Saying No to Customers Without Making Them Angry

Most people don’t like to hear the word “No.” One of the byproducts of hearing “no” is that it often leads to having lengthy conversations. These conversations tend to drag on for hours that result in escalations and angry situations.

While a company can acquiesce to the requests made by most customers, sometimes they wind up saying no to customers. In this post, we will explain how you should say no to customers without making them disheartened and angry.

Saying no to customers

1. Suggest Alternatives

Saying no to customers should never be the end of the story; instead, you should suggest alternatives to your customers when denying a request. Point them to someone who can satisfy their requirements, even if that someone is your close competitor. When your product misses a feature that your customer wants, you should avoid giving false promises and instead provide an alternative solution.

Consider applying the ‘alternative positioning’ technique put forward by Matthew Dixon. In his book, the Effortless Experience, Dixon states that alternate positioning is a strategy to explore alternate options without making the customer aware that they are not going to get their preferred option.

With a little bit of creativity and skilled negotiation, your phone or live chat support personnel will be able to come up with an alternative solution that is acceptable to the customer.

2. Create a Win-Win Situation

Always look for ways to create a win-win situation when saying no to customers. Customers react negatively when their request is denied, since they feel like they are on the losing end of the bargain. According Herb Cohen, author of the bestselling book, “You Can Negotiate Anything,” this creates resentment among customers. Instead, you should offer a solution that creates a win-win situation.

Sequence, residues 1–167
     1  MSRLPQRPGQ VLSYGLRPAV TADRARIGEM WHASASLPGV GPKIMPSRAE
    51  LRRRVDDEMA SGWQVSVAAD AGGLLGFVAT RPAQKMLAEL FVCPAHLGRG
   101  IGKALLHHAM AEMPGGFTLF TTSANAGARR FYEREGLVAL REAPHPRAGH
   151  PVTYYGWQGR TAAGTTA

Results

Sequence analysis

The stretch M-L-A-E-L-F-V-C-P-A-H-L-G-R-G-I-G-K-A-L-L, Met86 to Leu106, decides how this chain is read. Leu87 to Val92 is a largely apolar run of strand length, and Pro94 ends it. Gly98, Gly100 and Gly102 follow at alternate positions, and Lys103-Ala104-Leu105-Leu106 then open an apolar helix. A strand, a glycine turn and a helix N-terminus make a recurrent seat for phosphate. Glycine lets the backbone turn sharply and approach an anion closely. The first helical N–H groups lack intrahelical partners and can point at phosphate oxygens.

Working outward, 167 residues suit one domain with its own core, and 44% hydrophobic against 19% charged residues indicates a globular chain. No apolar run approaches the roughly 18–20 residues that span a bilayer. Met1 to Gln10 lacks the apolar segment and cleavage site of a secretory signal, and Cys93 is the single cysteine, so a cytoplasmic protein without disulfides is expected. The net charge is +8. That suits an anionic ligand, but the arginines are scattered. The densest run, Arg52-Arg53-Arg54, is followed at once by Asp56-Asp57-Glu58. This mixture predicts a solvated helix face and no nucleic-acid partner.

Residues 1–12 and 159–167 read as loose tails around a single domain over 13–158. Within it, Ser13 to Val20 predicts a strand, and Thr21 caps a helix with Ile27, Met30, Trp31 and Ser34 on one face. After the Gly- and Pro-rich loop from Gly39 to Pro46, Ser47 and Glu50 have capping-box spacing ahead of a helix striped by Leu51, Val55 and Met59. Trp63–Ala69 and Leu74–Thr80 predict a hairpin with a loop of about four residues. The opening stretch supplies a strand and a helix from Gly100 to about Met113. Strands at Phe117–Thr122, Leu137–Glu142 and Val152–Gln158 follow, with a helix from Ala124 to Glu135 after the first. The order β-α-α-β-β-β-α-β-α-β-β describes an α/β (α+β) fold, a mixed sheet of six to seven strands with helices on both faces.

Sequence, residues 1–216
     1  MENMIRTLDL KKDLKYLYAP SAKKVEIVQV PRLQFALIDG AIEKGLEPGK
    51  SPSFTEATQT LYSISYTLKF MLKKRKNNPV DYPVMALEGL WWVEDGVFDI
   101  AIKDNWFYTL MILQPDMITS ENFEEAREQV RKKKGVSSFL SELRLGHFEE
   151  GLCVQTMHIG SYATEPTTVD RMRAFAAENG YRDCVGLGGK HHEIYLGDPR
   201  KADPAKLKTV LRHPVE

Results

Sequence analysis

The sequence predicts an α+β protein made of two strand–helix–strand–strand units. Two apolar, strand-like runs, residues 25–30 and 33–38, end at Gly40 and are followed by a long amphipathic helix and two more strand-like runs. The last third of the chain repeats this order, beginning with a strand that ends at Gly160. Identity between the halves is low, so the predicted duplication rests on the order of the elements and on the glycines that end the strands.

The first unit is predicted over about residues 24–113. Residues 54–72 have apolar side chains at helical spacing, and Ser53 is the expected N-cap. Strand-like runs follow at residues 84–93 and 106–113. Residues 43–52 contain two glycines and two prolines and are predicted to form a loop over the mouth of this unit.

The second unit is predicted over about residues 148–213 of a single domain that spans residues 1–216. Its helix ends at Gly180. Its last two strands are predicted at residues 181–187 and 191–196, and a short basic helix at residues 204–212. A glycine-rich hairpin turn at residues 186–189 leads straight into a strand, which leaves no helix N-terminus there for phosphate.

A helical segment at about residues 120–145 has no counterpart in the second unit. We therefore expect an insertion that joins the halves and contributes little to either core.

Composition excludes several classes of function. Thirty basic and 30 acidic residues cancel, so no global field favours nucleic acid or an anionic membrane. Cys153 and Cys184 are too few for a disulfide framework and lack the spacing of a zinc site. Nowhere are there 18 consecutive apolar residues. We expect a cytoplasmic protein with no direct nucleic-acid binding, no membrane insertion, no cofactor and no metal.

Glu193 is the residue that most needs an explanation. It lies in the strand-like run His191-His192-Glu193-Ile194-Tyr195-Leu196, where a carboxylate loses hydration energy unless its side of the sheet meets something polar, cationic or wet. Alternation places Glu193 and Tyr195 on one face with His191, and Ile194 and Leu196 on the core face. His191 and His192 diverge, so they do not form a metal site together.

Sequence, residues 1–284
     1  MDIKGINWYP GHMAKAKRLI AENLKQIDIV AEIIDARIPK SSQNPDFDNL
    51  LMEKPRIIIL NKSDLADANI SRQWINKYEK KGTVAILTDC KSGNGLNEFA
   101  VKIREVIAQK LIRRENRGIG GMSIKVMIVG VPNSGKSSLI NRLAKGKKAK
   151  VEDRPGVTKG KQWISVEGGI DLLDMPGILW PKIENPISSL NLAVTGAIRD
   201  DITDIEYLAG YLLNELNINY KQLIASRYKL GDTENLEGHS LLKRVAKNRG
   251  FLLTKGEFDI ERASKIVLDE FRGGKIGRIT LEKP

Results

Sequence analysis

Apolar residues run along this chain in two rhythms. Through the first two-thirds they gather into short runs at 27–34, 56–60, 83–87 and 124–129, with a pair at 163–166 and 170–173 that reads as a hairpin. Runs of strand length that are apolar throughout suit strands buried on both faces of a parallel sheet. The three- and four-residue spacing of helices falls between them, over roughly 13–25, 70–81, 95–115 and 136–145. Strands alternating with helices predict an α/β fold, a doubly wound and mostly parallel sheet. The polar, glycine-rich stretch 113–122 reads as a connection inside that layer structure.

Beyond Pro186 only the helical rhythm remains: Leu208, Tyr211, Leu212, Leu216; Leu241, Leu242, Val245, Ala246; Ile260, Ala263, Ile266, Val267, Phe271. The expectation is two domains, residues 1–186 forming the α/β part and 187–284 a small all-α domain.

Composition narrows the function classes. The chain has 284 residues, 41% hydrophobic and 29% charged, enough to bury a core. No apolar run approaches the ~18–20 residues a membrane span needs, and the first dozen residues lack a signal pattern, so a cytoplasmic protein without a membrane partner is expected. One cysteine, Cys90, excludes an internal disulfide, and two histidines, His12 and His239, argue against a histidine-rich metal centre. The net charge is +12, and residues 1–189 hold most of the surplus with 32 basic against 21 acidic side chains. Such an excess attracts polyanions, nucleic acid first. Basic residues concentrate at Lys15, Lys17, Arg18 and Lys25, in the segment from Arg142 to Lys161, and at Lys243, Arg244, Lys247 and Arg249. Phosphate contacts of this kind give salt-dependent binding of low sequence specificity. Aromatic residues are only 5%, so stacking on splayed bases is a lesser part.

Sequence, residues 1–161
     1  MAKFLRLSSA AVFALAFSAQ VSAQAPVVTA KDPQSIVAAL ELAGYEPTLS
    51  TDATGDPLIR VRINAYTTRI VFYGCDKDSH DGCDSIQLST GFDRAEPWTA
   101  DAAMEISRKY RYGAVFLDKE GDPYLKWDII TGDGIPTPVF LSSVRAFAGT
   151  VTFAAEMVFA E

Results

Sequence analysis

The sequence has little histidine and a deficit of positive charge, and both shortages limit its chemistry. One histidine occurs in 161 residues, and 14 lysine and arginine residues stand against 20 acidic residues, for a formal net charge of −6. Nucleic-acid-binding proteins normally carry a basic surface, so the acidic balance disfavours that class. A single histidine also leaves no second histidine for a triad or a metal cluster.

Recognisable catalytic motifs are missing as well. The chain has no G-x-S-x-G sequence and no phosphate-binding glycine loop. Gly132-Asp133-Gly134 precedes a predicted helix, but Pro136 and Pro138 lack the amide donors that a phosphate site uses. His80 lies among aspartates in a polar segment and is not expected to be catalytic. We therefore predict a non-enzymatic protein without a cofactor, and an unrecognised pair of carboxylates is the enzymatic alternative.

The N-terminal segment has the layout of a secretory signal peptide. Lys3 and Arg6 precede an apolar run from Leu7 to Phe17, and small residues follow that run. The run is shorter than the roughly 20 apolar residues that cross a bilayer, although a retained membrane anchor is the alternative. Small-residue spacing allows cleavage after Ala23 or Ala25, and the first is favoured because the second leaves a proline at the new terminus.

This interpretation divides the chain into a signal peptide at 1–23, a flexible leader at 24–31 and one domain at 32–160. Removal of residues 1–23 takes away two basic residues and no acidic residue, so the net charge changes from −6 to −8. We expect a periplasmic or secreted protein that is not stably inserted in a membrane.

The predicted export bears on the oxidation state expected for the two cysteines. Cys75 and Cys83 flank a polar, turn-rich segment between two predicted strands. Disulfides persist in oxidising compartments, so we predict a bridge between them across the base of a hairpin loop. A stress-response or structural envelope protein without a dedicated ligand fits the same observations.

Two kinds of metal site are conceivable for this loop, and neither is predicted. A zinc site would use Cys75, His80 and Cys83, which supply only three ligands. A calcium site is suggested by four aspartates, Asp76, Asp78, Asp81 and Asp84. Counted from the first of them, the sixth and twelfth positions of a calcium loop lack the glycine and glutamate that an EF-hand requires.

Instead of making customers think that they have been cheated out of their share, you should make the pie large enough so that everyone thinks they have obtained a good share.

3. Don’t Overcompensate

When creating a win-win situation, you shouldn’t try to overcompensate your customers. For instance, you shouldn’t give free goodies to make up for a denied request. This sets a bad precedence that can result in loss for your company in the long run. Instead, offer them something that will not have a significant impact on your company’s bottom line after saying no to customers.

4. Involve Customer to Find the Solution

The customer service personnel should involve the customer in finding out the solution. Consider asking the customer what they believe is the solution to the problem. After saying no to customers, getting input from them can help remove frustration and turn an irate customer into a happy and contented one.

Involving the customer in finding a solution helps them empathize with your company’s point of view. They will get the fuller picture and will back down from their unreasonable demands. Ask questions such as, “How do you think the problem should be resolved?”, “How does this solution sound to you?”, or “What do you think is a reasonable solution to resolve this problem?” This will help the customer feel empowered, thereby making him or her think rationally about the situation.